These interfaces ‘fade into the noise of the city’. The desire for touchless or gesture interfaces also calls into question the idea of large scale interactive outdoor public displays with the problems of ‘multiple inputs and potentially thousands of users sharing the same surface as observed by Sami Niemelä of Nordkapp.

A preferable model may be towards  calmer, more ambient interfaces like the automation of flushing, taps and paper towels in public bathrooms as observed by Dan Saffer.

Provide clear information design for public displays and extend interfaces to mobile devices

Faced by a lonely and unloved public wifi kiosk complete with touch screen and web camera we discussed why such interfaces are not used. The conclusion was that as a public interface it adds no value to the user. The required functionality is already available in a more personal, private and hygienic form in a smartphone. There is no need to use public communication devices or even public wifi.

More value is added by interfaces like a NFC touchpoint via the mobile phone where the phone acts a ‘remote control’ for interacting with the city – ‘checking in’ on train journeys and car sharing services.


Although access to remote information like train times is greatly valued there is still a real need for clear prominent well designed public displays. When dashing through the station  there is not the time nor co-ordination to start up a smartphone app and research the departure time and platform for the next fast train. Of course there is potential for more predictive design of such smartphone applications, sensing the context of use via location or an intimacy with the user’s daily routine and calendar.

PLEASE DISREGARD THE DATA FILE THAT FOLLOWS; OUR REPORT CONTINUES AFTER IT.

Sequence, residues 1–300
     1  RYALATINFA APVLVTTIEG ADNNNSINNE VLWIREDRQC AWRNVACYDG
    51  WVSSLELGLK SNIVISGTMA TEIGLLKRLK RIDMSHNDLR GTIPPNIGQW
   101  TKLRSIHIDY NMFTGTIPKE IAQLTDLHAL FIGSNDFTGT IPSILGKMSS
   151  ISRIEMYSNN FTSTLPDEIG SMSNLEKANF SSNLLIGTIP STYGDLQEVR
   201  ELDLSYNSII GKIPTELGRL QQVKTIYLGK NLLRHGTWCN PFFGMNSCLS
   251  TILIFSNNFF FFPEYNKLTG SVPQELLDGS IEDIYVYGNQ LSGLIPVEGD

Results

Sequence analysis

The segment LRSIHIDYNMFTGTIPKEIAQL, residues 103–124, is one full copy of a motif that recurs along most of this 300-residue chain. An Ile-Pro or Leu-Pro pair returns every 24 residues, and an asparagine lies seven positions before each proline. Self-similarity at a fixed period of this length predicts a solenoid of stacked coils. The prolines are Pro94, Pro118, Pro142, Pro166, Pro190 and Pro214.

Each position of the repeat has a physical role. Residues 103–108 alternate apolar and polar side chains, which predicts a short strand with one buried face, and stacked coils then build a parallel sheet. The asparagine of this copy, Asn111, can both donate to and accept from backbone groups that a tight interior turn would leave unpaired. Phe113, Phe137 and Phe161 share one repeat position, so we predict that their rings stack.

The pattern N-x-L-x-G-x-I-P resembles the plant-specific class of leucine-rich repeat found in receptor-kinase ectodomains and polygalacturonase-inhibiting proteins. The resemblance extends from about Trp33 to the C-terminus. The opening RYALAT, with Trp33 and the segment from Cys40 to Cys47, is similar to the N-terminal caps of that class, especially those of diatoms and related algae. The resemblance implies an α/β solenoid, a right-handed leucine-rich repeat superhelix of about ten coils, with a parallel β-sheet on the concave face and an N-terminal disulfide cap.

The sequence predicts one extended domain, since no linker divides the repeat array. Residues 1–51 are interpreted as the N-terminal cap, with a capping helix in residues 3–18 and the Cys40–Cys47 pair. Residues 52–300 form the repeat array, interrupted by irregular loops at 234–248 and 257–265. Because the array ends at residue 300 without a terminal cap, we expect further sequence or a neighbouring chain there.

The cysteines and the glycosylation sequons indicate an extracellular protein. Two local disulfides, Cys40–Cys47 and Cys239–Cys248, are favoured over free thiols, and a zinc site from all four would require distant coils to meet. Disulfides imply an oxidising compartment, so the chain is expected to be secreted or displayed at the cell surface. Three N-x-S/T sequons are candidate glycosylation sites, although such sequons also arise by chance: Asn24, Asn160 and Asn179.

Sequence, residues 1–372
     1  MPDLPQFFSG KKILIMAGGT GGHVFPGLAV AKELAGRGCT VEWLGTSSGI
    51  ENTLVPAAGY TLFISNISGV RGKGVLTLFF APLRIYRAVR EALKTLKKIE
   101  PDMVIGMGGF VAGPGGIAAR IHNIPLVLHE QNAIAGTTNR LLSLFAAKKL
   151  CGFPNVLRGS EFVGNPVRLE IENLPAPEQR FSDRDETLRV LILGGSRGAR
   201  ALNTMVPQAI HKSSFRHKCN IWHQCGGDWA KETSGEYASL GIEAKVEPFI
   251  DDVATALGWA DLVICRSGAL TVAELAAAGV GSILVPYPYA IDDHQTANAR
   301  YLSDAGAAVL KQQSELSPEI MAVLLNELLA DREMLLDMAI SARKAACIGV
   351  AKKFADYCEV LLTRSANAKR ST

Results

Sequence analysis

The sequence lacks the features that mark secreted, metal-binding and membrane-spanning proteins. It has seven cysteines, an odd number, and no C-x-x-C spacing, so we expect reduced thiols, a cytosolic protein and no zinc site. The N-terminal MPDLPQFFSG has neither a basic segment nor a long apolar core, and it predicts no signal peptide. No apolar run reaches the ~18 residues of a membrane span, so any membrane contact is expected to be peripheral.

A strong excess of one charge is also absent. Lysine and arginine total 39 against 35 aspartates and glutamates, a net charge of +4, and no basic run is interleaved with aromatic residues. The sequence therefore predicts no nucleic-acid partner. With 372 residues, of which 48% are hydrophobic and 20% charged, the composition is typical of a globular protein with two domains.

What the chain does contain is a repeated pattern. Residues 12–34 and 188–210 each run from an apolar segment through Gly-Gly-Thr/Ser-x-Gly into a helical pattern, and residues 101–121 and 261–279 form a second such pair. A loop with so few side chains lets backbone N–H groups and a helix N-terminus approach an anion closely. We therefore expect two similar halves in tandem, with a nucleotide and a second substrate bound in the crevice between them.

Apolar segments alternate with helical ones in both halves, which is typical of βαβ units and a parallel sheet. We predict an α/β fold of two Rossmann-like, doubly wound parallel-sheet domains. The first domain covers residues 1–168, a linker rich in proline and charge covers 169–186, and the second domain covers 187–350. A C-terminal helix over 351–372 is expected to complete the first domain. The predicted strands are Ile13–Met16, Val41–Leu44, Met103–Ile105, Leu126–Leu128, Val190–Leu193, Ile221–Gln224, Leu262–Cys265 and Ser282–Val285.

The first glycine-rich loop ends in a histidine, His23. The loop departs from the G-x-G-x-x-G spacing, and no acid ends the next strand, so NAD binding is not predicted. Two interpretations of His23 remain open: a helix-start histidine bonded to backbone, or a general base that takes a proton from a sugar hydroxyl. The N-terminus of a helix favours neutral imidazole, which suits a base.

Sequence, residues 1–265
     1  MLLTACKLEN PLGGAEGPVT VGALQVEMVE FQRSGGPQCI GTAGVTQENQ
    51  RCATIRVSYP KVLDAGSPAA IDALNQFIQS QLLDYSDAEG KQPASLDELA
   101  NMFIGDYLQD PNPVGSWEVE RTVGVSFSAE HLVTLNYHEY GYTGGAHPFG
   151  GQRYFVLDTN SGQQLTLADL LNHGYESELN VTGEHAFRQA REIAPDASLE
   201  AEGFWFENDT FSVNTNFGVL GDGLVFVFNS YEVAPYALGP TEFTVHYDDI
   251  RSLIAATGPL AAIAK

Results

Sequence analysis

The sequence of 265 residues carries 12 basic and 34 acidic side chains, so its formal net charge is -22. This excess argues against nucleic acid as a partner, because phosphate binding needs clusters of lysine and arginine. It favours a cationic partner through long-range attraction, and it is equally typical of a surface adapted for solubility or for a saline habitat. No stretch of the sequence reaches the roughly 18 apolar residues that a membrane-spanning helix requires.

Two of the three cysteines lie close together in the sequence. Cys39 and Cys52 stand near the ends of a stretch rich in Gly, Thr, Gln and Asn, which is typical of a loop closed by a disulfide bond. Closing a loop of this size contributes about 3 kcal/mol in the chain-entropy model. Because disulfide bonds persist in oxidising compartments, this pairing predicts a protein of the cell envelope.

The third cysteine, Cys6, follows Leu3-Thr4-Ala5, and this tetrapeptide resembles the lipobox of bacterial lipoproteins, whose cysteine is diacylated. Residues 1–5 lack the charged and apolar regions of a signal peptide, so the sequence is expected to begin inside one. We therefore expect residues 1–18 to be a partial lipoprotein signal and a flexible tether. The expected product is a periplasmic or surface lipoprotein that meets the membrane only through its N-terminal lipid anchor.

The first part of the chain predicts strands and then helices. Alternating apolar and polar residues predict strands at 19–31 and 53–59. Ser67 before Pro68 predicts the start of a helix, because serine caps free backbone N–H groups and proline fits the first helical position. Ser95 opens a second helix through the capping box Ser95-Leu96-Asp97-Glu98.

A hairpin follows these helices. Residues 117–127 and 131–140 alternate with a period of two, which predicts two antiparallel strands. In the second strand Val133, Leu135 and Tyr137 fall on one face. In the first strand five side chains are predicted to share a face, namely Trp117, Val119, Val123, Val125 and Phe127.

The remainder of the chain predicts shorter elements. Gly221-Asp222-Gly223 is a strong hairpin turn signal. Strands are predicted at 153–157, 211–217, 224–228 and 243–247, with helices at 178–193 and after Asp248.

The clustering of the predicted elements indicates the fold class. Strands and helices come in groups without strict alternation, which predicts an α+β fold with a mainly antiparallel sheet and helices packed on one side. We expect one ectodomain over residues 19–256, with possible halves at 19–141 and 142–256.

As public interfaces permeate our cities and further inform our direct experience of the city care must be taken with their design, development and deployment. Public interfaces must be designed for minimal – preferably touchless – interaction, developed for open access to public data and deployed as clearly designed information systems extending their interfaces contextually to mobile devices.

  • http://mattcooper.me Matt Cooper

    Whilst I agree that publis touch screens are actually a very unappealing concept when you begin to look at their day-to-day use, making the leap to “preferably touchless interactions” seems to ignore the tactile nature of being human.

    I wonder if a better direction is to seek out interaction that are appropriate to the intended outcome. I’d say the reality of most touchless interfaces (such as oyster card) still involve an actual contact. In fact I saw an older woman vigorously banging her Oyster card on the sensor the other day, presumably in the hope that a bit more physicality would improve the functionality.

    Above all, successful contactless systems are about a logical gesture. This is why QR is such a ‘WTF’ experience; because it doesn’t have a pre-existing behaviour attached to it (and of course the technology is as clunky as hell, and the contrt it reveals is usually crap).

    So touchless = good. Touchless everything = no thanks.

  • http://darc.imv.au.dk/ Søren Pold

    Interesting blogpost – have done some similar walks – e.g. in Lund in Sweden and published a discussion here: http://nineteen.fibreculturejournal.org/fcj-133-the-scripted-spaces-of-urban-ubiquitous-computing-the-experience-poetics-and-politics-of-public-scripted-space/
    Besides we’ve worked with the concept of public interfaces and made a newspaper about this available here: http://darc.imv.au.dk/publicinterfaces/
    Besides a being a design issue, public interfaces open a big discussion about the politics of interfaces, who control them, who benefit for them, what is the purpose, what is the role of the public and how is this reconfigured?